Cathie Black: How can this be what we need? Part 3 – excluding parents and teachers
[Lynne Winderbaum, retired ESL teacher from JFK, longtime Chapter Leader, and through most of the Bloomberg years, our Bronx UFT HS District Representative, responds to the announcement that Joel Klein is leaving and that Mayor Bloomberg is trying to appoint Cathie Black to replace him. This is the conclusion, part 32 of 3. Click for Part 1. Click for Part 2.]
Klein and Black also share a belief that students will be helped by an increase in charter schools. In a system that is struggling with budget cuts, these alternatives to traditional public schools have not earned that level of trust. Fewer than 20% of them do as well as the traditional public schools and some of those spend twice the amount per student that traditional schools do. Therefore, without that level of funding, even the few successful ones cannot have their programs replicated for the vast majority of public school students.
To improve the schools Black would be advised to turn the page on Klein’s penchant for denigrating the 80,000 teachers who work hard for New York’s children. We are the people who are actually in the classrooms face to face with the students.. Klein’s passive-aggressive comments communicated constant disrespect. He left the podium yesterday saying how important teachers are. This cannot erase the memory of his telling principals that they are not firing enough teachers, that one-third of the teaching force was not up to par, and that our union is an obstruction to good education.
Before Klein and Bloomberg, back in the 1990’s when reform was taking hold, teachers were the ones asked to design the small schools that would replace the large ones. For several years I was part of a joint committee with Board of Education members that heard and evaluated the proposals for small school funding. The presentations were done by teams of teachers, administrators, parents, and students, working collaboratively. Some of the most successful small schools came out of that process. Since Klein took over, new small schools are not designed or evaluated prior to their implementation. When space opens up, they just start a new school from whole cloth. I have also served on many hiring committees for newly formed schools and they are starting from scratch with a principal who has a vision but needs to hire an entirely new staff to get the school off the ground. Teachers have lost their original role in providing expertise in organizing an innovative way to deliver instruction.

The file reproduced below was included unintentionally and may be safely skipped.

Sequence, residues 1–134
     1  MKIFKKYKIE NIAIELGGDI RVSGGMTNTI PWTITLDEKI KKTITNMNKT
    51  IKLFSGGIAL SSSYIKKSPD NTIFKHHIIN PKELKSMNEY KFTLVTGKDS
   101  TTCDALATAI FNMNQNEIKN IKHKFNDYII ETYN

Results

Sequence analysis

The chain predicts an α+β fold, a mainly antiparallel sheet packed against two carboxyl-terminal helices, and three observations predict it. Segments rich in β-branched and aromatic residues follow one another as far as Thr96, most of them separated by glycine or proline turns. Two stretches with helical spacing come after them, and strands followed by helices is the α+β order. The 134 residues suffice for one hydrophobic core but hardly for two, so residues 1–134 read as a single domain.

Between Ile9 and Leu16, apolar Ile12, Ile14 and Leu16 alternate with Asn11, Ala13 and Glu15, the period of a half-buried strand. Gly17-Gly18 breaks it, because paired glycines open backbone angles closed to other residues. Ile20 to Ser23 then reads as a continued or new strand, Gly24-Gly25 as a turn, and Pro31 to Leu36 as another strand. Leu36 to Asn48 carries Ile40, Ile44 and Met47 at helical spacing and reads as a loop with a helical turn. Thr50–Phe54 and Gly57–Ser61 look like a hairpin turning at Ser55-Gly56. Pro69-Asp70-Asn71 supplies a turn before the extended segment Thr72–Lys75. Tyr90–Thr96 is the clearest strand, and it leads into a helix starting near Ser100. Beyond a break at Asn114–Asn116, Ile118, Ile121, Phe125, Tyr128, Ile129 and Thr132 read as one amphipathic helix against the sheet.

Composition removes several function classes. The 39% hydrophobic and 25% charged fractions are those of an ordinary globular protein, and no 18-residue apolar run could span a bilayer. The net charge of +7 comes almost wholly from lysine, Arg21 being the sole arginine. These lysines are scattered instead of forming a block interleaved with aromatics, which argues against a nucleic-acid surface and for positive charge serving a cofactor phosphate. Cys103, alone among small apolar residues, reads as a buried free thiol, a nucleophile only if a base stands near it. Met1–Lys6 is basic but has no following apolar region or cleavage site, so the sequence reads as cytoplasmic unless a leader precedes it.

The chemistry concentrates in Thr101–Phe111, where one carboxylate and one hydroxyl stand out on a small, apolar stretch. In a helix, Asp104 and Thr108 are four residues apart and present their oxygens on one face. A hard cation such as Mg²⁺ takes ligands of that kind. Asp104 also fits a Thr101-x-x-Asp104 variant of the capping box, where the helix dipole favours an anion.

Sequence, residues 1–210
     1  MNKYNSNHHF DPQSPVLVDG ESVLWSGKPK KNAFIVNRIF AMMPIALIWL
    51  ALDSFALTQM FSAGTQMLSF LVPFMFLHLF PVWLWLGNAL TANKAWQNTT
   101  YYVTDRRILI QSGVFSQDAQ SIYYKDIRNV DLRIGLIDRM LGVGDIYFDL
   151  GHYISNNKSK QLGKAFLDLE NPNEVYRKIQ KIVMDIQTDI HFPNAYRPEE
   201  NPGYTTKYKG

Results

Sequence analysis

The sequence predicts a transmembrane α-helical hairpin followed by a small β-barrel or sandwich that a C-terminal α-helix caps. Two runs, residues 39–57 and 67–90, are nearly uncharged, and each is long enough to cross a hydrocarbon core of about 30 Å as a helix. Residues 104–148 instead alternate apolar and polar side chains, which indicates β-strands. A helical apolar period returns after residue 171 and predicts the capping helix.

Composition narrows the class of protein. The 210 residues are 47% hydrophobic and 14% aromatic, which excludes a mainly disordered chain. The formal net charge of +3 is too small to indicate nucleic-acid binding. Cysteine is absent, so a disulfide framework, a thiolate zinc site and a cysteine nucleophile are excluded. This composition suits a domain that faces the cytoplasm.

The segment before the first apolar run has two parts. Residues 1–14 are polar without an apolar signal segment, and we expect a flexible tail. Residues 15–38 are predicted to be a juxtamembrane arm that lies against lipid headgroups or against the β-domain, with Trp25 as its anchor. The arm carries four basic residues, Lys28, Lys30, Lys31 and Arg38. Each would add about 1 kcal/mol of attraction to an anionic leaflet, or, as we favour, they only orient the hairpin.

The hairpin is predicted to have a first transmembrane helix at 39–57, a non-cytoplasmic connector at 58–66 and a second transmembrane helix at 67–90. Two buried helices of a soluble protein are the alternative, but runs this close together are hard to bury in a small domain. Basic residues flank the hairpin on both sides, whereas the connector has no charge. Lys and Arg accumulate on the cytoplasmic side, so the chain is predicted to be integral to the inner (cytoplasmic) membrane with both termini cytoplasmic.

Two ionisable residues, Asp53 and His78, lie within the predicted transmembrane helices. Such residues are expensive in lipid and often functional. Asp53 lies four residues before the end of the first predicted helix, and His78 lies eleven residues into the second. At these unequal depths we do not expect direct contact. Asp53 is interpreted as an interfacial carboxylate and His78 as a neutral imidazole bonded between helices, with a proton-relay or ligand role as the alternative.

It would be helpful if Black hears the voice of parents who were ignored by Klein as well. Nobody is more concerned about the welfare of their children and neighborhoods than they. She must look at them, listen to them, and not dismiss them by staring into her Blackberry as they pour their hearts out to her at public meetings.
So as we start a new era, Cathie Black would be wise to include the experience and skills of her workforce and parents in her plans for public education in New York City. We know and live what she has never experienced. The UFT has years of expertise and partnership in reform, teacher training, curriculum development, and working with parents and community groups. Michael Mulgrew has indicated a willingness to collaborate and work together. But if she continues to worship on the altar of data, eliminate the education community from a role in our schools, and tear down what was working as Klein and Bloomberg have over the past eight years, her choice as chancellor will be so wrong.
November 10, 2010